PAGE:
Data from the National Center for Education Statistics in the U.S. Department of Education show tremendous growth in the number of psychology degrees granted at all levels. Over the past 30 years, the number of bachelor’s degrees awarded each year has more than doubled, as has the number of doctorates. The number of master’s degrees has nearly tripled. In contrast, the number of undergraduate and graduate degrees awarded in economics, political science, and Sociology has remained stagnant.
What becomes of all these new psychologists? There has been a striking decline in the proportion of psychologists entering academic positions in favor of applied positions in business and government. Applied psychology, once overshadowed by more traditional careers in psychology, is at the heart of a dramatic change in our field. Two speakers at the Western Psychological Association’s annual meeting in Vancouver in May addressed the growth of applied careers in psychology and what educators can do to prepare their students for these careers.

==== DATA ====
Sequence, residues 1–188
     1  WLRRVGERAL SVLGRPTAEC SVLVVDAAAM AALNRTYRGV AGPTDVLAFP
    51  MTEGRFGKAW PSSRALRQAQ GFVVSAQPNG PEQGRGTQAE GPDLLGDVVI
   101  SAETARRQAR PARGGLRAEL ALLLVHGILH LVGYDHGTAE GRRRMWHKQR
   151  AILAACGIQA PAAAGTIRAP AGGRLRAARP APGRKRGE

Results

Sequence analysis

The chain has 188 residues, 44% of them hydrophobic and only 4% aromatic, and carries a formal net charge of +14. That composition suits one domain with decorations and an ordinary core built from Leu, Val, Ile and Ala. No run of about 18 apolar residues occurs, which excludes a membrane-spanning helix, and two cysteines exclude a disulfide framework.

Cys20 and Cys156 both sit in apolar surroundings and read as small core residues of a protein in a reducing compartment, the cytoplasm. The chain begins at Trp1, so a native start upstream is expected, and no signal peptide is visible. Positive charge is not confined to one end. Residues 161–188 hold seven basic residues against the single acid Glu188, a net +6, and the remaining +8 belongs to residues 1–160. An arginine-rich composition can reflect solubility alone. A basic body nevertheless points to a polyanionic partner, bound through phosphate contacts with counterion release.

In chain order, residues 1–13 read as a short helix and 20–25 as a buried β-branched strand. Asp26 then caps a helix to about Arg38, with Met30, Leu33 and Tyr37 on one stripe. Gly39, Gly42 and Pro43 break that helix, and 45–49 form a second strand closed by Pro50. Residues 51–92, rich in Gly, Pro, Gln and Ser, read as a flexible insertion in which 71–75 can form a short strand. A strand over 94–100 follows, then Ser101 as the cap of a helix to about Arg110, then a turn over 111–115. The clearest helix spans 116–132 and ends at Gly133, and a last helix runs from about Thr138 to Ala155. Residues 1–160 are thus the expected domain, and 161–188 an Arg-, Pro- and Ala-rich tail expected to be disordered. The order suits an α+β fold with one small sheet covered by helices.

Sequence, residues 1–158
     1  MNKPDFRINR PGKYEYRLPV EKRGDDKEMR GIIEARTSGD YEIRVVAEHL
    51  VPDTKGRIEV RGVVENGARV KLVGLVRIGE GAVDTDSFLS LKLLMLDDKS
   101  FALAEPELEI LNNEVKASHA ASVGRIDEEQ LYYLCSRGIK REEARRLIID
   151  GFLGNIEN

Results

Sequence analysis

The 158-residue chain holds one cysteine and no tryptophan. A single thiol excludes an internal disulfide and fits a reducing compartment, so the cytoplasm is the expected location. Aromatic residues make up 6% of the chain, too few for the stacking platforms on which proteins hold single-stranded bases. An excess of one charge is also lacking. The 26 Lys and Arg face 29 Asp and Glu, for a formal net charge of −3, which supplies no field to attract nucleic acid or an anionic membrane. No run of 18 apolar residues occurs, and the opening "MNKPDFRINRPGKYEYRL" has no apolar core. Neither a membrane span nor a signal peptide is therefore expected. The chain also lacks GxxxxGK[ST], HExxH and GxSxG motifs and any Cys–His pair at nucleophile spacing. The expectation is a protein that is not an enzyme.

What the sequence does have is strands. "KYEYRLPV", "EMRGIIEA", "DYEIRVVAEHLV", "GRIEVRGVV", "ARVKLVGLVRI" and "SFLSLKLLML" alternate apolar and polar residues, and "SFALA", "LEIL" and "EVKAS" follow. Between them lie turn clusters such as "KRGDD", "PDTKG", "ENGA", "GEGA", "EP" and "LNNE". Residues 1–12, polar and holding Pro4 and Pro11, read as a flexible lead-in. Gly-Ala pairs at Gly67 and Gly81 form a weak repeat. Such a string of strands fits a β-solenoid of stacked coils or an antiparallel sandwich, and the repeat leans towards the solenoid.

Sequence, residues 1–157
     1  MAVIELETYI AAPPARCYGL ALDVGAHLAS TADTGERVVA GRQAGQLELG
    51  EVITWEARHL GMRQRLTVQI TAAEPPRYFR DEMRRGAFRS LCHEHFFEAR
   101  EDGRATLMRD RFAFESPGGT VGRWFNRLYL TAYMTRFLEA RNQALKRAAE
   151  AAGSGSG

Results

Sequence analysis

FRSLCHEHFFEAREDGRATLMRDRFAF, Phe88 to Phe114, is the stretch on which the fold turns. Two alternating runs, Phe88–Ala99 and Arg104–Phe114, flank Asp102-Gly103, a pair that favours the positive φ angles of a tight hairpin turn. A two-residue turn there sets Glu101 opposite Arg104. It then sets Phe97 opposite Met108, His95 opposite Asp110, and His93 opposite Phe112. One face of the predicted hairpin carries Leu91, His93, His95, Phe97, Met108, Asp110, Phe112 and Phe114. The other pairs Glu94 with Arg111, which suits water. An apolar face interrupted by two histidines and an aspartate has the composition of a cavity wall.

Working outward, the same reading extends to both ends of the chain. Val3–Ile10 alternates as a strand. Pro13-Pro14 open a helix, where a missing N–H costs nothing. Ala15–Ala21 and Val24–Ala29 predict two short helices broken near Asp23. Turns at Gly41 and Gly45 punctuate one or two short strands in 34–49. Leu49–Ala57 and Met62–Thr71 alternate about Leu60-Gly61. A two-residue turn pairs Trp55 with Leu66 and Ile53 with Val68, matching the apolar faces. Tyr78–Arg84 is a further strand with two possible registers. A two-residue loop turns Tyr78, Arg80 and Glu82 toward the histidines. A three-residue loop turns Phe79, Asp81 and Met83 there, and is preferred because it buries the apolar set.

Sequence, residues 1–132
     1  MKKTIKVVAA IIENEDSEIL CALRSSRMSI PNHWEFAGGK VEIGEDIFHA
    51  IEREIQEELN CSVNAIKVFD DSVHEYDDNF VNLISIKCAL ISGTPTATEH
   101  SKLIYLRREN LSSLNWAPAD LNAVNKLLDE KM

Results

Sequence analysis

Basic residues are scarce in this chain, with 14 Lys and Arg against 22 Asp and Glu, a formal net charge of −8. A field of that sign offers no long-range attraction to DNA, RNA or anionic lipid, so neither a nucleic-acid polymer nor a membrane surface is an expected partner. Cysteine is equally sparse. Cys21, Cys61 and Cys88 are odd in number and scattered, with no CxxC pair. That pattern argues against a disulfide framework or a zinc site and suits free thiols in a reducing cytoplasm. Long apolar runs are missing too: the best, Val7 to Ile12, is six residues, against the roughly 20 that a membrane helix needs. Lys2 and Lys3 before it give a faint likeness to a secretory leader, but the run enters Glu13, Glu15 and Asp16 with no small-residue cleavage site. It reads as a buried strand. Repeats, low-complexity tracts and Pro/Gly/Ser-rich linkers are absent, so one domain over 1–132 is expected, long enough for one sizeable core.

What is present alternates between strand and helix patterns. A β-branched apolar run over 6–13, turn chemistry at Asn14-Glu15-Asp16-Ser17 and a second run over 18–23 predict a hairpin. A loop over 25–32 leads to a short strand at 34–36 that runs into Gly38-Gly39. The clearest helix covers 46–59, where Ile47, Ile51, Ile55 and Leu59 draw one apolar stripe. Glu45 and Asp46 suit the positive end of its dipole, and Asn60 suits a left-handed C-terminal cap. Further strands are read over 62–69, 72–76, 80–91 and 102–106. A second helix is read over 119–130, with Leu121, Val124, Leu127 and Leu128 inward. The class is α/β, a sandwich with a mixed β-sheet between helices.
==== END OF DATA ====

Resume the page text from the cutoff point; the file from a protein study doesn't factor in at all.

Stewart Donaldson, dean of the school of behavioral and organizational science at Claremont Graduate University, focused on the growing interest in nontraditional careers. In exploring this trend, Donaldson noted that some students are attracted by the flexibility to create their own positions, some are excited by the interdisciplinary nature of applied jobs, and others are drawn by salaries that are generally higher than those offered in more academic careers. Donaldson emphasized that students’ expectations at the beginning of their graduate training do not predict what they want by the time they graduate. This implies that graduate training should not proceed under the assumption that students will follow in their professors’ academic footsteps, even if that is what students initially believe. He said that students should not be separated into academic and research tracks. Instead, all students should be given the tools to successfully apply the science of psychology in a variety of settings.